'This is happening in all religions. I don't have a religion. They have a right to believe but they can't foist that on everyone else. We are not blameless. We created Iraq, Jordan, Syria.

'We just drew arbitrary lines on a map to control resources and people, disregarding tribal affinities, and that is always going to cause problems. No belief or region has a monopoly on stupidity.'

And on that note it is time to head back to the theatre. He is happy to spend a 12-hour day making sure his new baby gets better and better.

'The play continues to grow and it is exciting but there is still much to do. I'm utterly exhausted but seriously happy.'

The show must go on. It is a piece of musical theatre as compelling on the head, the heart - and the toe. Singing, rhyming couplets - and spending. It's what Sting does.

'The Last Ship' opens on Broadway on October 26 (previews from September 29). For tickets, go to

(c) Daily Mail by Geordie Greig


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Jun 18, 2014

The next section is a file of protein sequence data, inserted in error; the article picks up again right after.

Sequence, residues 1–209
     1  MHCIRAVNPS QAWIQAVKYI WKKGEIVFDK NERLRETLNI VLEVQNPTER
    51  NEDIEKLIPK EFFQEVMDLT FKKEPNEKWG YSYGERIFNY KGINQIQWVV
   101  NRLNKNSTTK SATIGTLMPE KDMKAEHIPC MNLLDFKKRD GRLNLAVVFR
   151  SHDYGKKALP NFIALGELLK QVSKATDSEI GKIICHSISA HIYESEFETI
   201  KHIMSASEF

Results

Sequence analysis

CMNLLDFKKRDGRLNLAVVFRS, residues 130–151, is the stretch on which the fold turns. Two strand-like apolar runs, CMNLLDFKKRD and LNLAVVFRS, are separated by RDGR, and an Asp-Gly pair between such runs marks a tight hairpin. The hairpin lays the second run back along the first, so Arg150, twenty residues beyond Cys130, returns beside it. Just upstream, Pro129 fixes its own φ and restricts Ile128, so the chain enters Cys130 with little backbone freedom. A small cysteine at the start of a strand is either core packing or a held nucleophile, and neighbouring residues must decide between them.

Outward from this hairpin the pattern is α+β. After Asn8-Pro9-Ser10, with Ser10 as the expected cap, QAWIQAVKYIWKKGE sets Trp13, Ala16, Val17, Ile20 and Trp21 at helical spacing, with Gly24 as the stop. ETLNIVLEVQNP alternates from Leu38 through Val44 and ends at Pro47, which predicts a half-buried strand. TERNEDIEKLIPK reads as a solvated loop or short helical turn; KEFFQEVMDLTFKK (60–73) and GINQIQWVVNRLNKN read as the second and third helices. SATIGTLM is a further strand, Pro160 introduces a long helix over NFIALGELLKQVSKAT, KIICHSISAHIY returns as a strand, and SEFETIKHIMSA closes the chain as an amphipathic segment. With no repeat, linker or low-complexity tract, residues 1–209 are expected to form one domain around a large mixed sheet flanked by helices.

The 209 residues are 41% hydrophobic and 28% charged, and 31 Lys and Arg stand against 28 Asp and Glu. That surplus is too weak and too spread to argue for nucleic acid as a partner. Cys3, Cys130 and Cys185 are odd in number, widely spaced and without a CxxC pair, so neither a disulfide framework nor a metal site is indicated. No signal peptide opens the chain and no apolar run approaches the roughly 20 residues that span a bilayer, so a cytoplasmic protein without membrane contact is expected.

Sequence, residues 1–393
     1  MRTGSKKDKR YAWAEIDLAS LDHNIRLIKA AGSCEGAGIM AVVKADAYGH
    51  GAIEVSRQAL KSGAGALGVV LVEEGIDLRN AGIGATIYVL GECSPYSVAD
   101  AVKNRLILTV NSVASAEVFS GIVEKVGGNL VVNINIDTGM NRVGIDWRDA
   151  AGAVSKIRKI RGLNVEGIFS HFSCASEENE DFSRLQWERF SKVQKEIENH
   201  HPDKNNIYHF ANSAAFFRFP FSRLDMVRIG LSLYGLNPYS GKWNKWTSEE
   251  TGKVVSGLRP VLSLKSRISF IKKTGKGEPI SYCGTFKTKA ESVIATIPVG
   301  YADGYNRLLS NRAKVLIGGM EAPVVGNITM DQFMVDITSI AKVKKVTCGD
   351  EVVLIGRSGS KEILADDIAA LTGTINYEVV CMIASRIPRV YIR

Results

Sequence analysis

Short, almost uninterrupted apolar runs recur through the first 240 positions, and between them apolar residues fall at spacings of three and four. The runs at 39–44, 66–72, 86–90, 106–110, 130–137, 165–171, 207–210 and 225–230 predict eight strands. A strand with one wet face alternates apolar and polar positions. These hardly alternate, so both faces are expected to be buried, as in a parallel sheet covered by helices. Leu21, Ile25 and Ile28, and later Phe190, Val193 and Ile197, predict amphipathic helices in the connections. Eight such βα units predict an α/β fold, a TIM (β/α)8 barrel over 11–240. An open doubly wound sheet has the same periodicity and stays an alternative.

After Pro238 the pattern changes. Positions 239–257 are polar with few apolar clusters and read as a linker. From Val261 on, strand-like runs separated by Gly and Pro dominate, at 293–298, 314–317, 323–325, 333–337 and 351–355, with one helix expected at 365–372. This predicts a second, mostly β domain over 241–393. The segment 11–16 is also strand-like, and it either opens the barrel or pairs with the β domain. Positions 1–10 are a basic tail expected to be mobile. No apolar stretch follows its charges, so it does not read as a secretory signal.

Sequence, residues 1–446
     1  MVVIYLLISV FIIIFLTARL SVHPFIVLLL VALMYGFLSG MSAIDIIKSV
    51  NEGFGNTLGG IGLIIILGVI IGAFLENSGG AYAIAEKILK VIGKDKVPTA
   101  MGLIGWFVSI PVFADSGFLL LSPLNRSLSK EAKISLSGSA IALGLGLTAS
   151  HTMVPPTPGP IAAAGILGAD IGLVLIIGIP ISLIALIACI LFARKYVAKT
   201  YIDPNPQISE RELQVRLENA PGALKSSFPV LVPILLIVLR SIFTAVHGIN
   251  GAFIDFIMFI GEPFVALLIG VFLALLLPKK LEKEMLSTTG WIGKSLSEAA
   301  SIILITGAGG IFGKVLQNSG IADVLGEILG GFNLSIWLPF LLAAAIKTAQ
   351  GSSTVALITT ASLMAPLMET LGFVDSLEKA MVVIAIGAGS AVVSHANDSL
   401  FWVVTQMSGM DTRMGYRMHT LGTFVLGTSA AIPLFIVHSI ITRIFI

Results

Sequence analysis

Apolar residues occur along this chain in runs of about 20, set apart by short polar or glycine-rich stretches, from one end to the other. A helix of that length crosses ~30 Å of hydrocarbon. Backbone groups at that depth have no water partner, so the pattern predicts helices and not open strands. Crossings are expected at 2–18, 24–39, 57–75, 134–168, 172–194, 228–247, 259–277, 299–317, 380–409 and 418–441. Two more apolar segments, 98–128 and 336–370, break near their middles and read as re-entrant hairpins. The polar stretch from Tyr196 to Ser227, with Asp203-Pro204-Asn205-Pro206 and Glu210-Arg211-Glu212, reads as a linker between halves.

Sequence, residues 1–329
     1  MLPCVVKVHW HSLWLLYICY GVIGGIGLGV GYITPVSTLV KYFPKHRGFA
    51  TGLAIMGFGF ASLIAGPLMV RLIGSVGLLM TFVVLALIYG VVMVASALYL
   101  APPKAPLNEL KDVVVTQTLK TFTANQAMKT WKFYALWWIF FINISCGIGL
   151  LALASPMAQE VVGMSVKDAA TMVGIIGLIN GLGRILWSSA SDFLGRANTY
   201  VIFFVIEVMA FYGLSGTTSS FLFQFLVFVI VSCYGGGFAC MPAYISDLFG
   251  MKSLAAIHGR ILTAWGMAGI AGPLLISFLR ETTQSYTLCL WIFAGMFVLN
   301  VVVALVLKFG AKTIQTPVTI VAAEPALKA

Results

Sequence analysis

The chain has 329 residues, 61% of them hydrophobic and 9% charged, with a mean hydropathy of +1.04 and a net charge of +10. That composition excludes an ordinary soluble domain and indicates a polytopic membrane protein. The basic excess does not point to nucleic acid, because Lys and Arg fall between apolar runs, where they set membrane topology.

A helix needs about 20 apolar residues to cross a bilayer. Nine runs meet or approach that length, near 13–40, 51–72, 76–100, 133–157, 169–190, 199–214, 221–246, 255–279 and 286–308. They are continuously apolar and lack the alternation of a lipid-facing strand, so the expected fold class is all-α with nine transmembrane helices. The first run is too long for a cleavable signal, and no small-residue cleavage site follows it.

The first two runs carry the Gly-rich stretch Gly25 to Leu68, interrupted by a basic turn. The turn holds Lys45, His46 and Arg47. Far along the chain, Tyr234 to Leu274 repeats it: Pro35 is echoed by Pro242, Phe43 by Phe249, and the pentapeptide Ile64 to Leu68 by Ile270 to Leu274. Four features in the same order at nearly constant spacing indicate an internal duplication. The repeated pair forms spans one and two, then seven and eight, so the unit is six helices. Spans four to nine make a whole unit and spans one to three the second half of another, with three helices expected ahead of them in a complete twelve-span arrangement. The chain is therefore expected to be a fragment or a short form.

"The message you brought to the world 25 years ago is as important, in fact it’s even more important now as it was then. It is absolutely crucial that the people of the world are again made aware of these growing issues and what we can all do to address them. There are years of hard work ahead for the Rainforest Foundations and other NGOs who work to support these communities but there is also something very simple we can all do. We can listen to this man, my friend, Chief Raoni and his nephew, Chief Megaron, and learn from their experiences. They have valuable lessons about our world from which we can all benefit. Ultimately, this developing, progressing world we live in needs to recognise that these forest communities are not a ‘problem’ but that they are actually an implicit part of the solution to the global problems we now all face….Through upholding histories, we can protect futures." - Sting.